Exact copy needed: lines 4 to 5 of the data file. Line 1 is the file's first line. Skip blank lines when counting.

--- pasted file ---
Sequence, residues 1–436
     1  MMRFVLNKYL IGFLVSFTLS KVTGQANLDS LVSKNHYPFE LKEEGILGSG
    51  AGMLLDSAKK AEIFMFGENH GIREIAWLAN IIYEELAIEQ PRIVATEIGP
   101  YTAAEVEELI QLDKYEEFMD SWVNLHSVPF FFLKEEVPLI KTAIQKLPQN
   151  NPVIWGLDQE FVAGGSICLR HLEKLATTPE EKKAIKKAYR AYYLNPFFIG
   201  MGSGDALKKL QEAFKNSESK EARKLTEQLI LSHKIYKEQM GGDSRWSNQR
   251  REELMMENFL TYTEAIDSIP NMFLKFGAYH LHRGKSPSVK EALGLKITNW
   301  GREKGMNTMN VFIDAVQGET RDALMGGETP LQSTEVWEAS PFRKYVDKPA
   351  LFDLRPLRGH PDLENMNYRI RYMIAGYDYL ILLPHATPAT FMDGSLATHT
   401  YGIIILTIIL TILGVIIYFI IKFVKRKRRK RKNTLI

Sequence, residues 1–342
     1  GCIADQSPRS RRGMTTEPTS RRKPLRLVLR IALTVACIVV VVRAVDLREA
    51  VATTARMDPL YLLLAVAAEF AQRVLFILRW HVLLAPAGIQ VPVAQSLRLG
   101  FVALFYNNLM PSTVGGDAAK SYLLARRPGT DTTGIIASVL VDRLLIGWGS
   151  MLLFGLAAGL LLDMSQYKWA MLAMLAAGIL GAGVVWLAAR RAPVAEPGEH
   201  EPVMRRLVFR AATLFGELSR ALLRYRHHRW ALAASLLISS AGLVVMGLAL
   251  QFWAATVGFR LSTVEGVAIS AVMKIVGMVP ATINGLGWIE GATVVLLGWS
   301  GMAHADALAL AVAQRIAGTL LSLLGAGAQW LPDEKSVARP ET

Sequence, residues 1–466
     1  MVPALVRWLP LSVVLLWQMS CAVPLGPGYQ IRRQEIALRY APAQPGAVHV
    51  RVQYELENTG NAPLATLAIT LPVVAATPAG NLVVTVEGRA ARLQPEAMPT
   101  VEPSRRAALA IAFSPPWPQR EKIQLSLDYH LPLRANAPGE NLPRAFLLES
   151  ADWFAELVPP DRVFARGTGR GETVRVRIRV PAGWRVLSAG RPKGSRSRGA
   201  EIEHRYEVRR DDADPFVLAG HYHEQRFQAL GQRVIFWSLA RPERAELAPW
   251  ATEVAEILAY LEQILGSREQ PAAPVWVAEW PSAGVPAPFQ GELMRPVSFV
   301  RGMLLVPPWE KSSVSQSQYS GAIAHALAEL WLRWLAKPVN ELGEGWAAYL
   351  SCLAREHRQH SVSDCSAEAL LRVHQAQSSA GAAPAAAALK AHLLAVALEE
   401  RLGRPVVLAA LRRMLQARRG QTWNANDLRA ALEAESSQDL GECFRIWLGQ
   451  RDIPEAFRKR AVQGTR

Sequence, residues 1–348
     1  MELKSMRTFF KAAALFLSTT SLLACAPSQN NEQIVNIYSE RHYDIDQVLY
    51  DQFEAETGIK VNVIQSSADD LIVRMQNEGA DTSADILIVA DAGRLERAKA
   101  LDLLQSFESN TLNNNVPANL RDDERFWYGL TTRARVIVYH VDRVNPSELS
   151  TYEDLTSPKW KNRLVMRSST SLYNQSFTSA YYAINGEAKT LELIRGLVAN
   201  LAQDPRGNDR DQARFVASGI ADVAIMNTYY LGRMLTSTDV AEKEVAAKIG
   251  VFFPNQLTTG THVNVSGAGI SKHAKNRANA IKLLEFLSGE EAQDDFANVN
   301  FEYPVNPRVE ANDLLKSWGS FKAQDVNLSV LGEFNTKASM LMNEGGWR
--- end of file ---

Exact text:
   101  YTAAEVEELI QLDKYEEFMD SWVNLHSVPF FFLKEEVPLI KTAIQKLPQN
   151  NPVIWGLDQE FVAGGSICLR HLEKLATTPE EKKAIKKAYR AYYLNPFFIG